There are 3 sub markets within the market for Student Violins. First there is the Beginner. The next level up is the good violinist or fiddler who will pursue the violin for personal pleasure only. Finally there is the elite Student violinists who are those destined to be in Symphony orchestras and play professionally. They may already be in youth orchestras or in schools focused on music.

When shopping for a student violin all groups have the challenge of balancing cost versus quality. There is a trade off between price and quality in everything and violins are no exception. There is also the trade off that if you go too cheap and get a poor quality violin; you may ruin your student’s violin experience. There is nothing that will frustrate a child more quickly than a violin that is always broken or if it sounds like a cat squawking when it is in perfect working order.

For the beginner violin the initial shopping technique is to go to the local music store, online or online to eBay and find a Chinese factory made violin to buy. These have been described to me as “those terrible Chinese violins which are entirely machine made and then sprayed with a high-gloss finish (shellac or polyurethane) that makes it shine like a hotrod. Those violins have a honking sound which is beyond dreadful to the experienced ear of a violinist.” These are made of plastic and german violin for sale what wood is in their manufacture is not good quality. They are cheap though. The next level up is to buy and vintage Japanese or German violin. These are available especially through internet outlets. The advantage is that they are made of wood and have already endured 50 to 100 years of what a beginner violinist will dish out for abuse. All the beginner sizes are available and prices are reasonable. However, venture into this shopping experience with or through somebody who is familiar with the market. If you have a beginner who has great expectations, there are violins available that are at the level of your ambitions. They are worth it as they sound very nice and they will hold their value as a collectible.

For the good violist or fiddler there are lots of nice quality vintage and antique violins available on line. The challenge is that you can buy one that is good but needs repair or you can buy one already repaired but it will be more expensive. Once again, venture into this shopping experience with or thorough somebody who is familiar with the market. There are lots of Strad copy and Amati copy violins on the market that have a nice sound and have stood the test of time. As long as any damage is repairable and any past repairs have not done more damage than good, you can have a violin that should give you years of pleasure.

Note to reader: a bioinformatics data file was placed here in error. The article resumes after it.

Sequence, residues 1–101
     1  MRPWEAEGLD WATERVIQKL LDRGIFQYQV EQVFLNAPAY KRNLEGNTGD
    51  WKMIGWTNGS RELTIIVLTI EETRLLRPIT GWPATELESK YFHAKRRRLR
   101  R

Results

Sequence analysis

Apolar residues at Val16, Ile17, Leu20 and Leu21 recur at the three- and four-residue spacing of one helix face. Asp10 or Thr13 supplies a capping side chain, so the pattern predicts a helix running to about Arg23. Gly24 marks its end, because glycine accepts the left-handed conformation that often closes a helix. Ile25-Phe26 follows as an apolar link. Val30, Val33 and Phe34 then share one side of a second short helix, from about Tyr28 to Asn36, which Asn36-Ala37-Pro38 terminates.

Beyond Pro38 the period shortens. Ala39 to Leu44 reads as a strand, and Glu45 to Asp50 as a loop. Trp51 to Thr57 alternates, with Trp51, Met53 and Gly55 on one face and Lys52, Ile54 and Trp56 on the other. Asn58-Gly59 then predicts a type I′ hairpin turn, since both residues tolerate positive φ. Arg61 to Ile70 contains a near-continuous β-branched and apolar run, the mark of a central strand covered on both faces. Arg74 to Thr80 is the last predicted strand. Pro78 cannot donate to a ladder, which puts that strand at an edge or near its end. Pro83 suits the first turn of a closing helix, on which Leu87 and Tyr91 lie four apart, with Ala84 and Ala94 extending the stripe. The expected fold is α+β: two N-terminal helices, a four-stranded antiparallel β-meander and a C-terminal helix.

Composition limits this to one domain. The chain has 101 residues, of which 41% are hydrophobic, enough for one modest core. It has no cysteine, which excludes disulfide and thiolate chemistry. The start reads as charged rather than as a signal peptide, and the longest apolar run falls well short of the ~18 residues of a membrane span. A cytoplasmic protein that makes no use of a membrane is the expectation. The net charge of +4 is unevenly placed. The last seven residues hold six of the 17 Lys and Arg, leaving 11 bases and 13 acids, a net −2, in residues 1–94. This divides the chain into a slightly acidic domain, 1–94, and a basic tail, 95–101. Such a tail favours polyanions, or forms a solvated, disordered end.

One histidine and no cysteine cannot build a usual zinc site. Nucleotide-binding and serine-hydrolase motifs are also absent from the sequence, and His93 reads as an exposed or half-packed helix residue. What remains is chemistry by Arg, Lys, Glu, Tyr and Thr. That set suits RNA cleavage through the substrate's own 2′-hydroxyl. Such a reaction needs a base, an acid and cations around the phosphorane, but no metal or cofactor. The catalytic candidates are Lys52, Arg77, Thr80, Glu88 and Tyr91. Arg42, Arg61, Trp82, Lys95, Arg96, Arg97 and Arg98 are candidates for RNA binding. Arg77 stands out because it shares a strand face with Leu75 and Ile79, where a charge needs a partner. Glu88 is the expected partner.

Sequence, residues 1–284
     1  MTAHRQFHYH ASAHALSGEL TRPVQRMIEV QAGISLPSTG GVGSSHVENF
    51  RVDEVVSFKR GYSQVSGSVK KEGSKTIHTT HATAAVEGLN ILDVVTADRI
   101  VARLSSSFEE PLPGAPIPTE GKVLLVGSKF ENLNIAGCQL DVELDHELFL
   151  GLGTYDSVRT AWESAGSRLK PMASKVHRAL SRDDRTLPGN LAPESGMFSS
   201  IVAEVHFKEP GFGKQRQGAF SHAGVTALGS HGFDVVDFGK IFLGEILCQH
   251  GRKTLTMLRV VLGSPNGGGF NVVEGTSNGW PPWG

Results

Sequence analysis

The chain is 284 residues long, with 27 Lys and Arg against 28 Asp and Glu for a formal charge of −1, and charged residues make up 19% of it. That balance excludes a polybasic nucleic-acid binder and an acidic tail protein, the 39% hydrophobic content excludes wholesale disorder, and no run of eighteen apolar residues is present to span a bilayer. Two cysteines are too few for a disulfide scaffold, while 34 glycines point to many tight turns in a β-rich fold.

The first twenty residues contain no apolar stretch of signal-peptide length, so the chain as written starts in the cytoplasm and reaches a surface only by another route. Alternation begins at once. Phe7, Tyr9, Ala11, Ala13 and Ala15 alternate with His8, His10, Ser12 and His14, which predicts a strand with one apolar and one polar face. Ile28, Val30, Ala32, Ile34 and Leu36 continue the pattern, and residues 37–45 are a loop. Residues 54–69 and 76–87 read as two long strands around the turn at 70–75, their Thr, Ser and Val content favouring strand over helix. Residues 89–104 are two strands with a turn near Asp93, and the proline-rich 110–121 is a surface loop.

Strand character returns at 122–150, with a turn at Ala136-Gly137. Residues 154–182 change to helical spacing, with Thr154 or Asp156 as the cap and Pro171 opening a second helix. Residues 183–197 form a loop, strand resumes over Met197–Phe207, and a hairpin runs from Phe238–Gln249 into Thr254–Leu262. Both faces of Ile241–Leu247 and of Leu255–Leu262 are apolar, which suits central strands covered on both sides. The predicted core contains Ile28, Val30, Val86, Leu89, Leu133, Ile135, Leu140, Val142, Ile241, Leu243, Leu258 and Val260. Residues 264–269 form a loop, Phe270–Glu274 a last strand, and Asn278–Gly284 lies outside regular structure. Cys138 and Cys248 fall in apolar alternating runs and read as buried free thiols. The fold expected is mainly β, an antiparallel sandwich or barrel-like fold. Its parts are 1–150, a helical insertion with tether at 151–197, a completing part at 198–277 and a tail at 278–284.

The ambitious student will already have friends and mentors who know the market. The grapevine is especially important for serious violinists. Good quality instruments are expensive and you need to deal with someone who has a good reputation. There are many pretenders in the market and when you are spending thousands of dollars, the charlatans are in hot pursuit of your money. There are books available but many good ones are out of print. Educate yourself before shopping and take a teacher or a very good violinist along with you when you are trying out the violin before final purchase.

In all cases your teacher should help you with your shopping and your choice in violins. They will appreciate you including them in the process so that they can show you how nice a violin can sound when played properly. They are more successful as a teacher if you and your audience enjoy a nice violin which means you will be back to hire them next year.

My father in law was a collector of antique violins. He loved violins. It was his passion. So he accumulated a violin collection of over 60 violins and bows. The oldest was approximately 150 years old and the newest was probably made in the 1950s. When he passed away he left this collection to us.

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